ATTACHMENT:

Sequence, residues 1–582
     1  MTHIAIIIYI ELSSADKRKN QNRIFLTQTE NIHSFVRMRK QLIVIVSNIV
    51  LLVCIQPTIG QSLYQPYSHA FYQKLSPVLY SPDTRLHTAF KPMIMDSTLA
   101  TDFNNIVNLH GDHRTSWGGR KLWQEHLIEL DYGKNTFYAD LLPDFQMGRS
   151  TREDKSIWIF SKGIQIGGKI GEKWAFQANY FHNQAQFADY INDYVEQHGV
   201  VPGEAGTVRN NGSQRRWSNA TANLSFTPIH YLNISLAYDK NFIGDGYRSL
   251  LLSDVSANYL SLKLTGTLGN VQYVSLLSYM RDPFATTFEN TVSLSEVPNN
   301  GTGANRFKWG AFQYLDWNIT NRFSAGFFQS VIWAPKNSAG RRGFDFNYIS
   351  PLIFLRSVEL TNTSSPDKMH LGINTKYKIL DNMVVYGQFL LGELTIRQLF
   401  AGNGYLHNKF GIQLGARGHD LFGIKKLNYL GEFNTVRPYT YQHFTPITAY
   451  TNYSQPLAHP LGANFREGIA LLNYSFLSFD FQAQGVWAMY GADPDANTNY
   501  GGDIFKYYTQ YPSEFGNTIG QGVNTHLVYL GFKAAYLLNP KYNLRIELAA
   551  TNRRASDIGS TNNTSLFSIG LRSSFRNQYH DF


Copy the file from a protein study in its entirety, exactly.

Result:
Sequence, residues 1–582
     1  MTHIAIIIYI ELSSADKRKN QNRIFLTQTE NIHSFVRMRK QLIVIVSNIV
    51  LLVCIQPTIG QSLYQPYSHA FYQKLSPVLY SPDTRLHTAF KPMIMDSTLA
   101  TDFNNIVNLH GDHRTSWGGR KLWQEHLIEL DYGKNTFYAD LLPDFQMGRS
   151  TREDKSIWIF SKGIQIGGKI GEKWAFQANY FHNQAQFADY INDYVEQHGV
   201  VPGEAGTVRN NGSQRRWSNA TANLSFTPIH YLNISLAYDK NFIGDGYRSL
   251  LLSDVSANYL SLKLTGTLGN VQYVSLLSYM RDPFATTFEN TVSLSEVPNN
   301  GTGANRFKWG AFQYLDWNIT NRFSAGFFQS VIWAPKNSAG RRGFDFNYIS
   351  PLIFLRSVEL TNTSSPDKMH LGINTKYKIL DNMVVYGQFL LGELTIRQLF
   401  AGNGYLHNKF GIQLGARGHD LFGIKKLNYL GEFNTVRPYT YQHFTPITAY
   451  TNYSQPLAHP LGANFREGIA LLNYSFLSFD FQAQGVWAMY GADPDANTNY
   501  GGDIFKYYTQ YPSEFGNTIG QGVNTHLVYL GFKAAYLLNP KYNLRIELAA
   551  TNRRASDIGS TNNTSLFSIG LRSSFRNQYH DF